Building an Emergency Kit with Disability in Mind

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Building an Emergency Kit with Disability in Mind
Building an Emergency Kit with Disability in Mind

Building an Emergency Kit with Disability in Mind. Creating a supply kit is part of being prepared for emergencies and disasters. Kits should include basic survival items but also things specific to your needs. Kits can have the equipment to help with communication, things that reduce stress, and more. (Family Features)

If you have a disability or health condition, your planning may be more complex. Consider these ideas from the Administration for Community Living while building your kit:

Basic Supplies

  • At least a three-day supply of water (1 gallon per person per day) and non-perishable food
  • Manual can opener
  • Flashlight
  • Battery-powered or hand-crank radio
  • Extra batteries
  • Cell phone with chargers and backup battery
  • First-aid kit
  • Whistle or other help signal
  • Matches in a waterproof container
  • Dust mask for contaminated air
  • Two cloth face coverings for each person at least 2 years old
  • Sleeping bag or blanket
  • Complete change of clothing
  • Personal hygiene items
  • Prescription and over-the-counter medicines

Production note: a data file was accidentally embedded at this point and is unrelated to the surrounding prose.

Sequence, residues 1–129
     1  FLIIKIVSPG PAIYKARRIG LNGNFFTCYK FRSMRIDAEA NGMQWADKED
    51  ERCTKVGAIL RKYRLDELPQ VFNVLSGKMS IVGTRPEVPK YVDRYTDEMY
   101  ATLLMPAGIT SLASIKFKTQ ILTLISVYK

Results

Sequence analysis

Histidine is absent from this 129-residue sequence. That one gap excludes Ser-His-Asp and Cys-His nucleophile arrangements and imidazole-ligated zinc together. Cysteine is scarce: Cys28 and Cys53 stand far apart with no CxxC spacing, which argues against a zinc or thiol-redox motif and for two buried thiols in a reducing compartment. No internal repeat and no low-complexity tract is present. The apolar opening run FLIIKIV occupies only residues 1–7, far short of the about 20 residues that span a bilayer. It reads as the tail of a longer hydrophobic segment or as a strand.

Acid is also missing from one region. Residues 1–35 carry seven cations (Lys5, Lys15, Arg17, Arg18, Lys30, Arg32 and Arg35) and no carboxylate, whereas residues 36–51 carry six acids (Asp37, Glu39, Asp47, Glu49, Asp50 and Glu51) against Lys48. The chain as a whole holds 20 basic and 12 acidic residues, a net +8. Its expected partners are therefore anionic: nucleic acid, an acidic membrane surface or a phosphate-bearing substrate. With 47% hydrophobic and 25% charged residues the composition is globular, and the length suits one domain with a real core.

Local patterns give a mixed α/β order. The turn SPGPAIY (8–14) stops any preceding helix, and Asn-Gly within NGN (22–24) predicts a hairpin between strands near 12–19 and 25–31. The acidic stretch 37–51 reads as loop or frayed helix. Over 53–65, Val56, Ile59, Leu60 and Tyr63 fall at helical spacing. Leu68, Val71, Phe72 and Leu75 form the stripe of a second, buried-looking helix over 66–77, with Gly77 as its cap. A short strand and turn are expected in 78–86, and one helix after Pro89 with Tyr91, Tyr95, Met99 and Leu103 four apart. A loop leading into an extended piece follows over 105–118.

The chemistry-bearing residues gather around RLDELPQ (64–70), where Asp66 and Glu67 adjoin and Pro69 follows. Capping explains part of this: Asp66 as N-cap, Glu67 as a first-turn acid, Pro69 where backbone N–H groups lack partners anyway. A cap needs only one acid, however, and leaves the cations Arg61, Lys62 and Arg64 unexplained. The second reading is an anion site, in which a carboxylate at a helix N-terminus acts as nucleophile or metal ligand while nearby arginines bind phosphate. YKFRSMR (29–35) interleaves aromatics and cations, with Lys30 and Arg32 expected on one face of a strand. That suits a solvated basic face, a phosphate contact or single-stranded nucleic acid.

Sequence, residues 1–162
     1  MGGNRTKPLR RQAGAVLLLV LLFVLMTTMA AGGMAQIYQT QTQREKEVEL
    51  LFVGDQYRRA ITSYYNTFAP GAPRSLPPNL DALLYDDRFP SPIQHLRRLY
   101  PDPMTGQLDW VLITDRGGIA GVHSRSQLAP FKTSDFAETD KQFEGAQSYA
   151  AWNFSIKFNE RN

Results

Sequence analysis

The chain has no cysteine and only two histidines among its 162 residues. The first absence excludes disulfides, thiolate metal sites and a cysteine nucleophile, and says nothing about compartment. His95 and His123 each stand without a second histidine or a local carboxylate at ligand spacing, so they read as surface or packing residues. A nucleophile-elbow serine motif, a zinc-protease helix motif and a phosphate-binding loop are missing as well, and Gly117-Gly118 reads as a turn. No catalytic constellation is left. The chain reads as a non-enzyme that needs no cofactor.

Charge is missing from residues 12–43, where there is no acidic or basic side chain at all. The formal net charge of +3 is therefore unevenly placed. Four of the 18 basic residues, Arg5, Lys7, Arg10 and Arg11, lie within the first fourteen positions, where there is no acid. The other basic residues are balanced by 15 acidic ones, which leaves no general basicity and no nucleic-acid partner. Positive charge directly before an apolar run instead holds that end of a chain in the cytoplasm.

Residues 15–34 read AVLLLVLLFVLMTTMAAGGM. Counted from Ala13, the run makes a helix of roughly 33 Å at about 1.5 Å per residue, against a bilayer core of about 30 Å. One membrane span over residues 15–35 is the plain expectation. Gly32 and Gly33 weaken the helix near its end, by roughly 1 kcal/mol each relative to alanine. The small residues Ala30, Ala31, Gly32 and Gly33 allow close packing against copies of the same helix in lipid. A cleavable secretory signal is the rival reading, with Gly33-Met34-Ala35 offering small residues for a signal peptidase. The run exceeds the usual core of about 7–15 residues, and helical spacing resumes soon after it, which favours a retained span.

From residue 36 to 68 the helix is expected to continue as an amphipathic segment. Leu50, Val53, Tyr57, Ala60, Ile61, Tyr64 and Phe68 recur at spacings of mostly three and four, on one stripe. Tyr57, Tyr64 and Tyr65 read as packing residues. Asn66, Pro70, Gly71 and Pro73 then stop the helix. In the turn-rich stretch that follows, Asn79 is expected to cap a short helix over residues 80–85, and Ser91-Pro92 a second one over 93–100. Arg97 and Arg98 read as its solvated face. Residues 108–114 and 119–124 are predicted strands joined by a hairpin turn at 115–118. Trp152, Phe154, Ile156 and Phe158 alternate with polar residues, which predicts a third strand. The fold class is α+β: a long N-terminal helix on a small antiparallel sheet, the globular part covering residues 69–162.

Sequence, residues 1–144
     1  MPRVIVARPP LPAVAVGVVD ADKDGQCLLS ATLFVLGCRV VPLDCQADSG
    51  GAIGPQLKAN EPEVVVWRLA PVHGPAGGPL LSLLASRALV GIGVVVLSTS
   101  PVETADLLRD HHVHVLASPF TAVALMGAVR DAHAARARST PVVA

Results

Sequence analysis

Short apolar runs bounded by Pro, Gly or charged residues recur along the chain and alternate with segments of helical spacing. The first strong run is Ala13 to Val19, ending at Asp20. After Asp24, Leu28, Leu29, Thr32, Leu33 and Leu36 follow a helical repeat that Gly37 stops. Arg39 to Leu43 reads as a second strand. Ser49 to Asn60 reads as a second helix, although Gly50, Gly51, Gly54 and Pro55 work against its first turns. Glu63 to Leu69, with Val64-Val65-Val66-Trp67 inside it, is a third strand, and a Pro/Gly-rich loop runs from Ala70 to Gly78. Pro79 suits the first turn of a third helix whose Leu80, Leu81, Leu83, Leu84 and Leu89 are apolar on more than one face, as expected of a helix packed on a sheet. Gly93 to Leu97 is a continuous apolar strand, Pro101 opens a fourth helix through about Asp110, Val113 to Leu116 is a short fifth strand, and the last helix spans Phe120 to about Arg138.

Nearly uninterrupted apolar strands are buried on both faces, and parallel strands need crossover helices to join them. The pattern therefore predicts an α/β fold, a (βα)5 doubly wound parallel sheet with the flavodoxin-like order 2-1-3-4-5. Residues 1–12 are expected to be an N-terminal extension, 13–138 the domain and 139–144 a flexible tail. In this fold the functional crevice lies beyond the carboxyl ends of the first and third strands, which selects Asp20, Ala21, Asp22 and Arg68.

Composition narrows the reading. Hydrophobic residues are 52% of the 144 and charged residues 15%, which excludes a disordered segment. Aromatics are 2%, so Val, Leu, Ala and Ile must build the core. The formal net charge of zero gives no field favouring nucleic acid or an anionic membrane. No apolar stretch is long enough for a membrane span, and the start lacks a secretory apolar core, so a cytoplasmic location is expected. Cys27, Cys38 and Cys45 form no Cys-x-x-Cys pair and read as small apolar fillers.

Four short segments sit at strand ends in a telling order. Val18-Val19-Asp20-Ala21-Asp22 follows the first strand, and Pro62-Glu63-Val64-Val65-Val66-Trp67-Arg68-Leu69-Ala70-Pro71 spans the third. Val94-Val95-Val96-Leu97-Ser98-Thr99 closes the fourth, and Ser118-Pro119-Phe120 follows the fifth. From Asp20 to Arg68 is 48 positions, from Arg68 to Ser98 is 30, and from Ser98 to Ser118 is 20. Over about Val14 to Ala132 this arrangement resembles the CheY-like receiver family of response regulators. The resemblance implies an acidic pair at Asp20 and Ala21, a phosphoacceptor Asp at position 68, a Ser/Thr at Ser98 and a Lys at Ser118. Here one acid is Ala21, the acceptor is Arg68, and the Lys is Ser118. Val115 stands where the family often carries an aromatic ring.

• Eyeglasses or contacts
  • Garbage bags
  • Duct tape
  • Local maps
  • Pen and paper
  • Cash

Documentation

  • Important documents (electronic or copies) such as insurance cards
  • List of all medications, dosages, and allergies
  • List of assistive technology or other equipment, including brand, model, instructions, and where the equipment came from
  • Contact information for health providers, caregivers, and relatives

Vision, Hearing, and Speech Items

  • Braille or large-print labels for supplies
  • A weather radio with text, shaking, and flashing alerts
  • Extra hearing aid batteries
  • Communication equipment
  • Backup communication options such as laminated cards or pictograms

Mobility Considerations

  • Information on size and weight of the wheelchair
  • Extra batteries for equipment
  • Lightweight manual wheelchair if the usual chair is powered
  • Spare low-tech mobility devices such as a cane or walker
  • Portable air pump and tire patch kit
  • Work gloves
  • Extra seat cushions and other medical items

Sensory Sensitivities

  • Handheld electronic devices with movies and games saved locally
  • Spare chargers and batteries
  • Sheets and twine, small popup tent, or other privacy devices
  • Sensory dampeners such as headphones, weighted vests, sunglasses, and nose plugs
  • Comfort items like snacks, clothing, and aromas

Service Animal Supplies

  • A three-day supply of food and water
  • Medications
  • Animal first-aid kit
  • Proof of vaccinations and registration
  • A picture of you and your animal together to prove ownership
  • Collar or harness with ID and rabies tags
  • Microchip information
  • Leash
  • Crate or carrier
  • Sanitation items
  • Familiar items like toys and bedding

Visit ACL.gov/emergencypreparedness for more tools and information.

Photo courtesy of Getty Images

SOURCE:
Administration for Community Living

Preparing for a Financial Emergency

 

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